4. Embrace the Wait. Do you know you have some Official Thing to do that involves a lot of waiting? Don’t sweat it — welcome it! I’ll never forget the time I had to renew a license at the Department of Motor Vehicles in downtown Manhattan, famous all over New York as a Dickensian morass of endless waiting in multiple lines for the privilege of dealing with a succession of humorless and often unreasonable city employees. As I left my office, my colleagues bit me farewell as if I were going on a long and arduous trip. There was no question of my returning to work that day. And when I arrived at the DMV, sure enough, the lines of miserable would-be drivers snaked for miles all over the lobby. But I had a plan. I had brought a delicious lunch, the New York Times crossword,  and my notebook. While my neighbors fumed and complained, I was happily munching and scribbling away all my ideas for my latest script, with a children’s book thrown in for good measure. When I finally made to to the front of the line, my clerk appeared mildly surprised to see a smiling face. Or maybe she thought I was crazy (This was New York City, after all).
  5. Make your breaks creative. A change is as good as a rest, as they say in the UK. (It’s a running theme today, what, what.) Instead of going to one of your default activities when you take a break, which might not be the healthiest choice, why not use that Gap Time to enjoy one of your talents? Or if you are already doing something healthy for a break, like taking a walk, why not add a creative element to it? Pretend to be one of your characters on your stroll. Or sing the song you’re writing. Take your camera or your sketchpad with you.

CAUTION for DaVincis: Do NOT use “Gap Time” as an excuse for multi-tasking when you need to focus. While you’re waiting for a page to load on your computer is not Gap Time to go away and check your email. (You know who you are!!) This will just destroy your concentration and make you crazy. Gap Time is time that would otherwise be wasted, that you use for for discrete, short activities you’ve chosen in advance.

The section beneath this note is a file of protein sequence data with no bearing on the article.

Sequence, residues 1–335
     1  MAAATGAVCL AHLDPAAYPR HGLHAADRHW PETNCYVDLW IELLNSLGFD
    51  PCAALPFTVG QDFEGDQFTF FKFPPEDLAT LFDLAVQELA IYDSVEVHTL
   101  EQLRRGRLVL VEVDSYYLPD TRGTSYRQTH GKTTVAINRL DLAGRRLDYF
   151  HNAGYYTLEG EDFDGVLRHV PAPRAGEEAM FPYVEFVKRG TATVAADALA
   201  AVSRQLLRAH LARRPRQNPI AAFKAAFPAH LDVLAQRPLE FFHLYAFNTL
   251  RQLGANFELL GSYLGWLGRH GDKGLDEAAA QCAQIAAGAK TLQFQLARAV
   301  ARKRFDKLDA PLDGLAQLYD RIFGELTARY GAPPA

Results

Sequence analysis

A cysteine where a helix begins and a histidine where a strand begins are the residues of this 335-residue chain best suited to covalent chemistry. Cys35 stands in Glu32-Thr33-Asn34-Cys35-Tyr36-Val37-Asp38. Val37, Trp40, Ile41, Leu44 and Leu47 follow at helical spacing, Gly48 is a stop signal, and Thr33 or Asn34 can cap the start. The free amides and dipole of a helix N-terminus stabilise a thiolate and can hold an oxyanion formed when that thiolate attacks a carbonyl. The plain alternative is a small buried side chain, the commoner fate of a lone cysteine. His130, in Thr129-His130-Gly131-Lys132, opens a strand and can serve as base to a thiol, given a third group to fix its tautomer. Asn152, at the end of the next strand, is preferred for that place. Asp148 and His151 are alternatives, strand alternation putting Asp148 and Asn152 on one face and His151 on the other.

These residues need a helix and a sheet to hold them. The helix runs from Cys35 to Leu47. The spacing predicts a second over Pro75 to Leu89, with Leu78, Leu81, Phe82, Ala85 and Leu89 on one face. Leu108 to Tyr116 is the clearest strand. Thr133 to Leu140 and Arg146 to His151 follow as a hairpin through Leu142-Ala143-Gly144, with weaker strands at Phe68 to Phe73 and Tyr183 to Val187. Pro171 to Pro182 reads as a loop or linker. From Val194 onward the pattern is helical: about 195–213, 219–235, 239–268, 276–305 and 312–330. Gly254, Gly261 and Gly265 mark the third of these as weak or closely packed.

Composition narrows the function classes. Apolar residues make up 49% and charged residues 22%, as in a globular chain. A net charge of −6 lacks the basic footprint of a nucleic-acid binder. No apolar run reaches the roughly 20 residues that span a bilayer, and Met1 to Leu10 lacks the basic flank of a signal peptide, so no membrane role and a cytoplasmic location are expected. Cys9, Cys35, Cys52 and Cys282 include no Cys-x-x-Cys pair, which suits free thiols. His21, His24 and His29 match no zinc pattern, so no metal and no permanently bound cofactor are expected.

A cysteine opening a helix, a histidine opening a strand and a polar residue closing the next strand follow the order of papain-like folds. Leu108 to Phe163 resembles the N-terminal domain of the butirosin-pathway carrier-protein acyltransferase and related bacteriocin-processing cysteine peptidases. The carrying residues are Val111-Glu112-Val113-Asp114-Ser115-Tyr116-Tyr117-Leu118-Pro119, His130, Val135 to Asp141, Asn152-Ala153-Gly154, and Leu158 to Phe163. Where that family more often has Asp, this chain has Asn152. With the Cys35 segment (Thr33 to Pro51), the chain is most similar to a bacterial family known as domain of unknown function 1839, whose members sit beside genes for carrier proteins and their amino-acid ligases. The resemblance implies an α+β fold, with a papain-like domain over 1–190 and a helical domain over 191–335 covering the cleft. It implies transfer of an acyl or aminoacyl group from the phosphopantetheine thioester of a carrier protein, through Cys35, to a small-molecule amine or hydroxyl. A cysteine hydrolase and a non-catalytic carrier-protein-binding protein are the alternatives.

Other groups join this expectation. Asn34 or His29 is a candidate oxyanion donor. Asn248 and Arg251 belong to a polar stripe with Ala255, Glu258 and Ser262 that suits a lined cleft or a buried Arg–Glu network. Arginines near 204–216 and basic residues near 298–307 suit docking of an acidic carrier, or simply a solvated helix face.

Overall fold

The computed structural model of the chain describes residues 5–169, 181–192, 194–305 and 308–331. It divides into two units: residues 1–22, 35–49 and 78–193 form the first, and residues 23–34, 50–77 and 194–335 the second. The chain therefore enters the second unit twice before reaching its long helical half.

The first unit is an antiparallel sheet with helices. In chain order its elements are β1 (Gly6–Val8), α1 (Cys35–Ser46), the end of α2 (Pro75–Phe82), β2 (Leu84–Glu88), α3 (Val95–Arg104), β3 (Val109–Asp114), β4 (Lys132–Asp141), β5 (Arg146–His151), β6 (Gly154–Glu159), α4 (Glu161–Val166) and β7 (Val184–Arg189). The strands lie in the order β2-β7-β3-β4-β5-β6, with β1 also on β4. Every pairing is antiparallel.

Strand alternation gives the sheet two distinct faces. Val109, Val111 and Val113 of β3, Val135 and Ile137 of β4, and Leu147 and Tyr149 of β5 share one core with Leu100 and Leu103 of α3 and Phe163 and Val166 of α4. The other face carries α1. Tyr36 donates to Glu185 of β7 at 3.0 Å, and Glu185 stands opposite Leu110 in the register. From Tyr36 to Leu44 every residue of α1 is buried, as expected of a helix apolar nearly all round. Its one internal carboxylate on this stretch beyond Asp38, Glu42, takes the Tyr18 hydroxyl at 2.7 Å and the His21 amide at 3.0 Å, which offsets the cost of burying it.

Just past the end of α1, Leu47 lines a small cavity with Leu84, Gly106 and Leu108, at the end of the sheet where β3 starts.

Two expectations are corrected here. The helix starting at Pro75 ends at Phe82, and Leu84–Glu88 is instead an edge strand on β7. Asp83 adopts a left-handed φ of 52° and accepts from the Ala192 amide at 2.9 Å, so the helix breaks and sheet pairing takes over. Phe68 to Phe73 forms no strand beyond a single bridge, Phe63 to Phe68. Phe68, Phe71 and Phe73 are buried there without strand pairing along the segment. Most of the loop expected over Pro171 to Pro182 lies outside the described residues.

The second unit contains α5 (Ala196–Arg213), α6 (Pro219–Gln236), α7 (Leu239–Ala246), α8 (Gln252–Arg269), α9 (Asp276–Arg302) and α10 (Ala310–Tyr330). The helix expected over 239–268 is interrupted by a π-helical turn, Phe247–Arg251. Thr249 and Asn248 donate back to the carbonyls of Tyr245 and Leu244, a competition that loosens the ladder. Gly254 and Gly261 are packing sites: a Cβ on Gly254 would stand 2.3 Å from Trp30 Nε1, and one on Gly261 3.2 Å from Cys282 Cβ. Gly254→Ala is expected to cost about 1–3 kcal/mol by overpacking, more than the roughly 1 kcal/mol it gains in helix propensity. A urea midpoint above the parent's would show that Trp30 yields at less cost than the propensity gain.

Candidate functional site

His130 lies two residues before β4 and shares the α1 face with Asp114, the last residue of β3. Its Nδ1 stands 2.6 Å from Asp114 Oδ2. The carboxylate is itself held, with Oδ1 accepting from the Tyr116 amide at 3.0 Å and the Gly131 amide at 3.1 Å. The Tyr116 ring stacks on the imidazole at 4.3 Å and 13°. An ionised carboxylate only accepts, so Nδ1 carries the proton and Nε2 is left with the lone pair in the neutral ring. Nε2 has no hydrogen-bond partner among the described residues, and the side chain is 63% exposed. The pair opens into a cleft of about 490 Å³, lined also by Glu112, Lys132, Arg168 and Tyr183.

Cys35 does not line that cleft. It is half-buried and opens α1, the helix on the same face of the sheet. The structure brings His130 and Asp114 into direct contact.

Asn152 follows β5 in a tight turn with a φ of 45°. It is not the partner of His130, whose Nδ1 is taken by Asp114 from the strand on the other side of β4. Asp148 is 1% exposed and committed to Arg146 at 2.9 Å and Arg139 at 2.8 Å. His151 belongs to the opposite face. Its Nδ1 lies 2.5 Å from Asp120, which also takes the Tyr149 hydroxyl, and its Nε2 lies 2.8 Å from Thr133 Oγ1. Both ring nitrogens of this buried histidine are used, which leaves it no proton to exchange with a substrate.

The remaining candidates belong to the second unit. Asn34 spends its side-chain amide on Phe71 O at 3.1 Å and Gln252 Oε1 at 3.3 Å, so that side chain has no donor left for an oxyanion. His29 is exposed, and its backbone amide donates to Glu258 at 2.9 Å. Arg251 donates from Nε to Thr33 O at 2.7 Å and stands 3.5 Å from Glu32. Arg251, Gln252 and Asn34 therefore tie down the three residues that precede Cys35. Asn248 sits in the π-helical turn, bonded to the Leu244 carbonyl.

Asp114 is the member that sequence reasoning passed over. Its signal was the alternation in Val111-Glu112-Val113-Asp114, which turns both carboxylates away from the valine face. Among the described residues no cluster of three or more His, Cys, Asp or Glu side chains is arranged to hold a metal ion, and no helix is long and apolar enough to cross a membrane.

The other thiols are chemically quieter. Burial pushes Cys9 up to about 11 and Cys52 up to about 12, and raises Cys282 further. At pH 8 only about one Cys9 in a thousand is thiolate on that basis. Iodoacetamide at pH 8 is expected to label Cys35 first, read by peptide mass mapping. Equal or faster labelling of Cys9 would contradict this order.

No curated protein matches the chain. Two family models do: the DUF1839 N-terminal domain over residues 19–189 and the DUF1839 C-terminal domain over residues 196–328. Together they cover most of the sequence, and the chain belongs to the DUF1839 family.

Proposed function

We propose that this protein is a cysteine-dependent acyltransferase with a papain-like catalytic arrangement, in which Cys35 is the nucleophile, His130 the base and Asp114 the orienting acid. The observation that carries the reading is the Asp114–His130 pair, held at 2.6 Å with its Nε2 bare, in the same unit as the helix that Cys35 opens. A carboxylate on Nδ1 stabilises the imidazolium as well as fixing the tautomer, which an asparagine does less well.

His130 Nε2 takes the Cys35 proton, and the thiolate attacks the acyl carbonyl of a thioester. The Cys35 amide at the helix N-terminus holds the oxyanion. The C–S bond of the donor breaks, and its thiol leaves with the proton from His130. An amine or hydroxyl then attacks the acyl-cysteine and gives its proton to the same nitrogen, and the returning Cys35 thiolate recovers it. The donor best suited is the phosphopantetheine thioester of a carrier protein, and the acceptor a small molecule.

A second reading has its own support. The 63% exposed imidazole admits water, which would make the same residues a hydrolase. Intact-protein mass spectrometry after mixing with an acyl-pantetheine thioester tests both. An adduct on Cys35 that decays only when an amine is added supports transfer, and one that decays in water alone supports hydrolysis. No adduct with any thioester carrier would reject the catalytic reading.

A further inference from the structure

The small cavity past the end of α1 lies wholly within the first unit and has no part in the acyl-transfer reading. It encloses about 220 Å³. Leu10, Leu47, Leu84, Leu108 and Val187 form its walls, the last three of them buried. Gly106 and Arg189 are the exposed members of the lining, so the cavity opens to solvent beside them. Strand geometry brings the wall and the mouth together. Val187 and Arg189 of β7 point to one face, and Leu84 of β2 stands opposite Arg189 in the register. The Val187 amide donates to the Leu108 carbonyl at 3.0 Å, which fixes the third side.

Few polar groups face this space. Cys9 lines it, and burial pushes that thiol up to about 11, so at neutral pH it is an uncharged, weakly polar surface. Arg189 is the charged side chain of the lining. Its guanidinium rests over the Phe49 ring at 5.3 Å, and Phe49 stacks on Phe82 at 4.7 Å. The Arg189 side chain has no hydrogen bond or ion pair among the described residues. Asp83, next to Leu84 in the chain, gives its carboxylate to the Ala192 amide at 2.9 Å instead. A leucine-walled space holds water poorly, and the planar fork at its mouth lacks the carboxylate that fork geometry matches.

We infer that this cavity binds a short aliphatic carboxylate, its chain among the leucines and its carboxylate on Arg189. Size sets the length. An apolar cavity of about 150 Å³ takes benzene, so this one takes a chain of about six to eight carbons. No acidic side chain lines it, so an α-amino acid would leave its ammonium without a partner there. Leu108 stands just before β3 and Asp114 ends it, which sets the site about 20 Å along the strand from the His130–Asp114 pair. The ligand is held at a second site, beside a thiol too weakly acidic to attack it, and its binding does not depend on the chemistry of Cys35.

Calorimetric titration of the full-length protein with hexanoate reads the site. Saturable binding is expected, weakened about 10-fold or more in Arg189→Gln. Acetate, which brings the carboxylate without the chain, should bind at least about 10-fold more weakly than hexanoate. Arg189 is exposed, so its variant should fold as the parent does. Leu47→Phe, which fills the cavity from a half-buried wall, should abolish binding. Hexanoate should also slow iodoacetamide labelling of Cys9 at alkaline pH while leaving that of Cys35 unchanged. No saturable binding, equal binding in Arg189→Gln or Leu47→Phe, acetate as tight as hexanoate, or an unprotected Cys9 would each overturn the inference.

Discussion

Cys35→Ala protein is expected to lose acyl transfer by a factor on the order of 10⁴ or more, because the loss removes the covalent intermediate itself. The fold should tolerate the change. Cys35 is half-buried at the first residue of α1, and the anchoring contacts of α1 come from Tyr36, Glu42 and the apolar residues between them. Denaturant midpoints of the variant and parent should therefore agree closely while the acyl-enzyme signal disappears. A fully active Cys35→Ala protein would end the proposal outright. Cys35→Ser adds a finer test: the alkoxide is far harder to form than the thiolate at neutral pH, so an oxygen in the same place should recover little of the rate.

Actvity: Pay attention during your day today, and look back over the last week.

  • Where do you habitually have Gap Time? Waiting for the kids to get out of school? On the commute to work? Between classes?
  • Now look at your top talents and projects. What are some 10 or 20 minute activities you could carve out on each of them? These could be baby steps towards a goal, or simply fun moments where you just enjoy yourself. List these.
  • Prepare to use your Gap Time by having your list handy, as well as any material you’d need (audios loaded onto your ipod, your notebook in your briefcase, etc.)

Using your Gap Time will improve your quality of life dramatically. At the very least, you’ll enjoy your talents a lot more, and enjoy more moments in your day instead of just sitting there. And you might just find that you actually accomplish a whole lot, as your little bits of Gap Time add up.

What are some instances in your life where you could use Gap Time? Please share below. If you are a blogger, a link to your latest post will appear in your comment!

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Are you struggling with too many talents, skills, ideas? You may have The DaVinci Dilemma™! Find tools, fun quizzes, coaching, inspiration and solutions for multi-talented people at http://www.davincidilemma.com/ .